A big component of Industry 5.0 will be the integration of collaborative robots (cobots) alongside skilled workers to bolster both productivity and creativity in manufacturing programs. Whereas the ceiling for autonomous robots is facilitating relatively simple repetitive tasks, cobots can execute much more precise, custom machining under the direction of humans and based on real-time requests from customers.
This opens the door for high degrees of product personalization and customization. Here are a handful of Industry 5.0 tools that can help companies develop custom, personalized manufacturing programs:
- Connected, unified data management systems that can collect, store, analyze, and implement customer data and requests that manufacturers can leverage to design and produce customized solutions quickly.
- Smarter AI and machine learning platforms that can anticipate customer needs or preferences before the design phase even begins to better support the manufacturing of custom products.
- More insightful digital twins and simulations to help maximize prototyping based on specific customer needs — this will help manufacturers design and produce a higher-quality product that is better able to meet specific application requirements with increased performance.
A downstream effect of customization via Industry 5.0 is a more effective quality control process. For example, a machine learning platform can spot a potential liability with the design of a custom enclosure based on customer input, and this allows a panel builder to engineer an individualized workaround before the enclosure is produced.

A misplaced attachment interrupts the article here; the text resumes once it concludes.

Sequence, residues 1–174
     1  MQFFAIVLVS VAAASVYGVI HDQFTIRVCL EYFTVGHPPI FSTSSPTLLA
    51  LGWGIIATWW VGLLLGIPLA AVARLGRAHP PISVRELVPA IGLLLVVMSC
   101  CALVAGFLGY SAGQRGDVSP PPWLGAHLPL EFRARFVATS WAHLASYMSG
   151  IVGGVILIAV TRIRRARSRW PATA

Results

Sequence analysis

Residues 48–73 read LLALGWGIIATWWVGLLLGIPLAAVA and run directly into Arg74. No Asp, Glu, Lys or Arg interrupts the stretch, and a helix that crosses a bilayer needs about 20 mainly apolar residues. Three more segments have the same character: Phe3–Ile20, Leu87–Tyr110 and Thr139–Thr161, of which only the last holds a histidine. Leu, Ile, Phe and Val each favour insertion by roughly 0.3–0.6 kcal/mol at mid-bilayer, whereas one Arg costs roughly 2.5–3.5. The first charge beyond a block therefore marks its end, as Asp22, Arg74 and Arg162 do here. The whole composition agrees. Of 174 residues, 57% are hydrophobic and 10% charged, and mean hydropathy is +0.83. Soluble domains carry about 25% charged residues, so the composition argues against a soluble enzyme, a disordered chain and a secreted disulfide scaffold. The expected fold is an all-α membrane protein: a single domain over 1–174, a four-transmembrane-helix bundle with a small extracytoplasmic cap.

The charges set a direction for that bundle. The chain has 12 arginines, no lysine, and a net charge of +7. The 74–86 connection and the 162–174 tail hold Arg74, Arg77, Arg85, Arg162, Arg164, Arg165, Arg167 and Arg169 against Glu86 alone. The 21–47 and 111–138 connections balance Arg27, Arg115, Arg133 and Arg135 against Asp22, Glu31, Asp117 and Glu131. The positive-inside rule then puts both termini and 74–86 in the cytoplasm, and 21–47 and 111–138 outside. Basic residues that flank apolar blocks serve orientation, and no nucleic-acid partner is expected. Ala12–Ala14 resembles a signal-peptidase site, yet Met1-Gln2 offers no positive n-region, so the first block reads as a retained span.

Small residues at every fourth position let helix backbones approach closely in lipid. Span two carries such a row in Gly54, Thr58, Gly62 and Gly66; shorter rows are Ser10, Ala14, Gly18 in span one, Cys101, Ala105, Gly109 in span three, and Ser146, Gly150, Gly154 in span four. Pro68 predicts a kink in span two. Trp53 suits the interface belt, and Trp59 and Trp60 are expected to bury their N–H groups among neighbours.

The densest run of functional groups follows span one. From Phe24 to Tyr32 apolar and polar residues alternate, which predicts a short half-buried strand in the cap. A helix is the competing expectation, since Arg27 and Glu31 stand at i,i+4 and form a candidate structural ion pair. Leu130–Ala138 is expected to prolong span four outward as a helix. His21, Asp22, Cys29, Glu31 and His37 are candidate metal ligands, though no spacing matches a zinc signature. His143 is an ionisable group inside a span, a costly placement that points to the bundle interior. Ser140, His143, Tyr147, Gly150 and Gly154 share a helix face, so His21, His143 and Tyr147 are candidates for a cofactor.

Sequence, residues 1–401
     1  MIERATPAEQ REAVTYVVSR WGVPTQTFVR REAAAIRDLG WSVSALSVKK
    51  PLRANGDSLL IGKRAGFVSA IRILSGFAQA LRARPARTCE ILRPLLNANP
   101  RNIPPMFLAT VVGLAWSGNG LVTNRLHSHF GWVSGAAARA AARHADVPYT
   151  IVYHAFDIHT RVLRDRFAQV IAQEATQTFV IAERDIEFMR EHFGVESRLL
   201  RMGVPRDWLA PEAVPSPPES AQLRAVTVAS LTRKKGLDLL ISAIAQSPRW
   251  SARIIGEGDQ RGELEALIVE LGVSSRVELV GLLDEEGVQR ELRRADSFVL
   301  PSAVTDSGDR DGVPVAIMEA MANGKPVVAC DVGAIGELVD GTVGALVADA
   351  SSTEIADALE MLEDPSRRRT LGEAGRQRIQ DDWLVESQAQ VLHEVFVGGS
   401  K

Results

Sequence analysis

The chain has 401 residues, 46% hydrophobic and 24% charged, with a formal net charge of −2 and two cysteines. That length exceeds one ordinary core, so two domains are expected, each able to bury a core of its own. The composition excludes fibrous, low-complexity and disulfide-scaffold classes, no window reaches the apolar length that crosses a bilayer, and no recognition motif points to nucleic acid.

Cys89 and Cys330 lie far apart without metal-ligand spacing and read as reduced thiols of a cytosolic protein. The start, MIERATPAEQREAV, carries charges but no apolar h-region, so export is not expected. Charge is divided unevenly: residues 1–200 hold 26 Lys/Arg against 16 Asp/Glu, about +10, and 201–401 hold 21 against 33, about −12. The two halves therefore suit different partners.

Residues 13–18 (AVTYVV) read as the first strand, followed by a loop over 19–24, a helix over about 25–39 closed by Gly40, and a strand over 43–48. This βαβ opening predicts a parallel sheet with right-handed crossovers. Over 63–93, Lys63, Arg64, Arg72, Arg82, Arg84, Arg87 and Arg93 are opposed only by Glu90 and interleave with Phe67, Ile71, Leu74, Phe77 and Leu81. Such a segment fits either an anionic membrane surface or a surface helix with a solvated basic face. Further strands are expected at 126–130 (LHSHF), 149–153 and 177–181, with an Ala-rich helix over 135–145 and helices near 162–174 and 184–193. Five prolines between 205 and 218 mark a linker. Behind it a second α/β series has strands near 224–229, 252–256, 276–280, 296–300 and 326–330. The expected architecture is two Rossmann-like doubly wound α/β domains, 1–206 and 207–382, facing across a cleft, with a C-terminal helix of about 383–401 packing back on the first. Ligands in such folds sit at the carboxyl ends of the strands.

Industry 5.0 will make it easier for manufacturers to adjust to a variety of variables
The biggest pivot Industry 5.0 makes from its predecessor is that it places more importance on the people who make things compared to the machines that make things. This turn will likely have several benefits for manufacturers in helping to adjust to a variety of environmental and market variables, some of which include:
- Attracting and retaining talent. Skilled labor shortages have plagued the manufacturing industry for a number of years now, in part because of the perceived monotony of production processes. Industry 5.0 will help create a more dynamic environment where skilled workers are encouraged to use creativity and problem-solving skills that are supplemented by smart technology.
- Sustainable manufacturing practices. Sustainability, especially in the manufacturing space, has become a necessity. The emphasis Industry 5.0 puts on reducing waste, optimizing resources, and mitigating your environmental impact will better align with consumer sentiment, but it also has the potential to fuel technological developments that could help reverse the effects of climate change.
- Global market instability. Whether it’s supply shortages, increased freight costs, or environmental disasters, Industry 5.0 will connect powerful technological platforms with human instincts and experience to create a more agile, resilient manufacturing landscape.
Industry 5.0 is poised to once again help manufacturers rethink how they visualize and engage with their world and embrace new production models.